Aff. in Opp'n, ¶ 17-24,
defendants' expression of its position that the Plan did not violate
ERISA was not a misrepresentation.
Moreover, even assuming that both sets of statements in the December 4
letter were false, plaintiff has not alleged that he relied upon them to
his detriment or that he has suffered any prejudice as a result. The
defendants' December 4, 1995 letter was sent to plaintiff's counsel
nearly 10 years after plaintiff last completed a year of credited service
under the Plan and four years after plaintiff last completed any hours of
service under the plan.*fn43 Even assuming that plaintiff's claim for
breach of fiduciary duty based on this letter were not barred by the
statute of limitations, plaintiff could not have reasonably relied the
December 4, 1995 letter to his detriment.*fn44 See Kurz v. Philadelphia
Elec. Co., 994 F.2d 136, 140 (3rd Cir. 1993) ("The ultimate inquiry is
whether there is a substantial likelihood that the affirmative
misrepresentation would mislead a reasonable employee in making an
adequately informed decision about if and when to retire.") (internal
quotations and citations omitted). Similarly, as the December 4 letter
was sent only to plaintiff, other putative class members could not have
reasonably relied upon it to their detriment.
Turning next to defendants' March 30, 2000 letter, we note that
according to its terms, the letter was sent to retired Plan
beneficiaries, informing them of a retroactive increase of their pension
benefits. The statements therein that the defendants had determined that
the recipients were entitled to increased pensions were not
misrepresentations. Indeed, they accurately informed the recipients that
they could expect a retroactive increase in benefits. While plaintiff's
counsel object that defendants' took credit for the increase, Pauk Aff.
in Opp'n, ¶ 24, that does not amount to a misrepresentation, let
alone a material one. Even assuming arguendo that the March 30, 2000
letter contained a misrepresentation about the genesis of the retroactive
increase, the retired beneficiaries receiving it could not have
reasonably relied upon it to their detriment. Accordingly, defendants'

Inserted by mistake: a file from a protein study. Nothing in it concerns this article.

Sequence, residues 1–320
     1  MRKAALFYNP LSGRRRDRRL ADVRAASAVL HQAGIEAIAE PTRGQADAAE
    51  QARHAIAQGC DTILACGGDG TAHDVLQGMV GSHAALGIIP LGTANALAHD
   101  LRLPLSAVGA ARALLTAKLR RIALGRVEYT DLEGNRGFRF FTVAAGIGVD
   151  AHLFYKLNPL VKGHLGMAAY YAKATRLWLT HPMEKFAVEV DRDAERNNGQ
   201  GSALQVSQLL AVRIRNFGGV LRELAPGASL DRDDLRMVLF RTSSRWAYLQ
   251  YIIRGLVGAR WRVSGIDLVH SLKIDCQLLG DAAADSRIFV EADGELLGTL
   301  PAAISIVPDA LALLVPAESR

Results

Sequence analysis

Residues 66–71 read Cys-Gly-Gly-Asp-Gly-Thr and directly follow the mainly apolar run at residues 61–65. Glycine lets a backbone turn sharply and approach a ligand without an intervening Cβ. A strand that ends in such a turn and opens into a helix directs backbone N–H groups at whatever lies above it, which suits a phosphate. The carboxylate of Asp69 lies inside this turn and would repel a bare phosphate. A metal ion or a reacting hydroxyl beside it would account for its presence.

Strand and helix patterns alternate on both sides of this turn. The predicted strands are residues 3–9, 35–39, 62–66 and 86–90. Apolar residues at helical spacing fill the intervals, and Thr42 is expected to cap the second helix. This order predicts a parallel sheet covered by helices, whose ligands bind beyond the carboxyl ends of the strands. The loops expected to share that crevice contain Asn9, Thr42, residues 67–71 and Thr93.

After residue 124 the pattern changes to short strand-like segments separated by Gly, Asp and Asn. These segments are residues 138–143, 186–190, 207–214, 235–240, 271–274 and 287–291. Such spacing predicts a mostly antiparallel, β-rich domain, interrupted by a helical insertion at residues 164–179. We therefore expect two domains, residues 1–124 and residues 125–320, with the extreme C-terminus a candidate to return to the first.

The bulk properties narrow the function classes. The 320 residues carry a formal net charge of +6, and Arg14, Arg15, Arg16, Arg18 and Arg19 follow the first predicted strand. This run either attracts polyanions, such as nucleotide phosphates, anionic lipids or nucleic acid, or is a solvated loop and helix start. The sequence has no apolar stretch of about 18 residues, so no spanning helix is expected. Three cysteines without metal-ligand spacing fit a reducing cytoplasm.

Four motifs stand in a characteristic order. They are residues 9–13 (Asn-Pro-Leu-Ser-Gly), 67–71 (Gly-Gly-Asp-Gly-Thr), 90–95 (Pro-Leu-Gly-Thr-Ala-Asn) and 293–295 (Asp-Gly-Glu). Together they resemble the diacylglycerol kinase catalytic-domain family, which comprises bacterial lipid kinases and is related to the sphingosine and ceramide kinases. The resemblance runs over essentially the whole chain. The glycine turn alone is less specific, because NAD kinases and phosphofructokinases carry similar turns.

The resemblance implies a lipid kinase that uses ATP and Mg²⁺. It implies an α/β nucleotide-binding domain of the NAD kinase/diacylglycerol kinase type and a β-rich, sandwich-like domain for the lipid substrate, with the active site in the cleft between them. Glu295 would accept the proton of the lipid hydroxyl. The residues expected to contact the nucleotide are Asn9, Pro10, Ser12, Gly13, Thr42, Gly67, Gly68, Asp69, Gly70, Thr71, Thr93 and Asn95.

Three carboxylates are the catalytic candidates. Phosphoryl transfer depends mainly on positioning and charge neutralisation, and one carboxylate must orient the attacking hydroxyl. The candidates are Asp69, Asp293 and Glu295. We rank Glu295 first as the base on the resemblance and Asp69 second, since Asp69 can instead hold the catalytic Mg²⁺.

motion for summary judgment as to plaintiff's seventh claim for relief is
E. Plaintiff's Claim for Interest on Late Payments
Plaintiff's eighth claim for relief seeks an award of interest on the
retroactive pension adjustments paid by the defendants. Compl. ¶¶
76-78. For the reasons that follow, defendants' motion for summary
judgment on plaintiff's eighth claim is granted in part and denied in
There is no question that plaintiff may pursue an award of prejudgment
interest on unpaid benefits where the Court has found an ERISA
violation. See, e.g., Mendez v. Teachers Ins. & Annuity Ass'n and College
Retirement Equities Fund, 982 F.2d 783, 789-90 (2d Cir. 1992)
(prejudgment interest discretionary in ERISA cases and should be awarded
only when such relief is "fair, equitable and necessary to compensate the
wronged party fully"). Id. Rather, the question is whether plaintiff may
bring a separate cause of action
for interest on benefits which have been
paid after a period of delay.
1. Interest on Delayed Benefits Is Recoverable Under ERISA
Plaintiff brings his eighth claim for relief pursuant to ERISA §
502(a)(3),*fn45 which authorizes civil actions by a participant,
beneficiary or fiduciary "(A) to enjoin any act or practice which
violates [ERISA] or the terms of the plan, or, (B) to obtain other
appropriate equitable relief" to remedy such violations or to enforce any
provisions of ERISA or the terms of the plan. 29 U.S.C. 1132(a)(3). While
the Second Circuit has not decided the question of whether interest on
delayed benefit payments is available as "other appropriate equitable
relief" under ERISA § 502(a)(3)(B), the Third and Seventh Circuits
have answered that question in the affirmative. See Holmes v. Pension
Plan of Betlehem Steel Corp., 213 F.3d 124, 131 (3rd Cir. 2000); Fotta
v. Trustees of the United Mine Workers of America, Health & Ret. Fund,
165 F.3d 209, 214 (3rd Cir. 1998); Clair v. Harris Trust and Sav. Bank,
190 F.3d 495, 497-98 (7th Cir. 1999), cert. denied 528 U.S. 1157 (2000).
Moreover, the Second Circuit has held that a widow may sue under ERISA
§ 502(a)(3)(B) for the sum of money that she should have received
upon her husband's death because her claim sought "make whole" relief
which Congress regards as equitable. Strom v. Goldman Sachs & Co.,
202 F.3d 138, 149-50 (2d Cir. 1999).*fn46
The question of whether interest on delayed benefit payments is
available as "other appropriate equitable relief" under ERISA §
502(a)(3)(B), has been addressed by the district court in Dunnigan v.
Metropolitan Life Insurance Co., 99 F. Supp.2d 307, 321 (S.D.N Y 2000),
appeal docketed, No. 00-7399 (2d Cir. 2000). Relying on Strom, the
Dunnigan court concluded that actions for interest on delayed benefit
payments are appropriate under ERISA § 502(a)(3)(B) where plan
participants establish an underlying breach of ERISA or the plan documents
by a plan fiduciary. See Dunnigan, 99 F. Supp.2d at 321. For the reasons
stated by the Dunnigan court, we conclude that interest on delayed
benefit payments is recoverable under ERISA § 502(a)(3)(B). See
also, Gustafson v. Kennametal, Inc., 2001 WL 25722, at *6-7 (S.D.N.Y.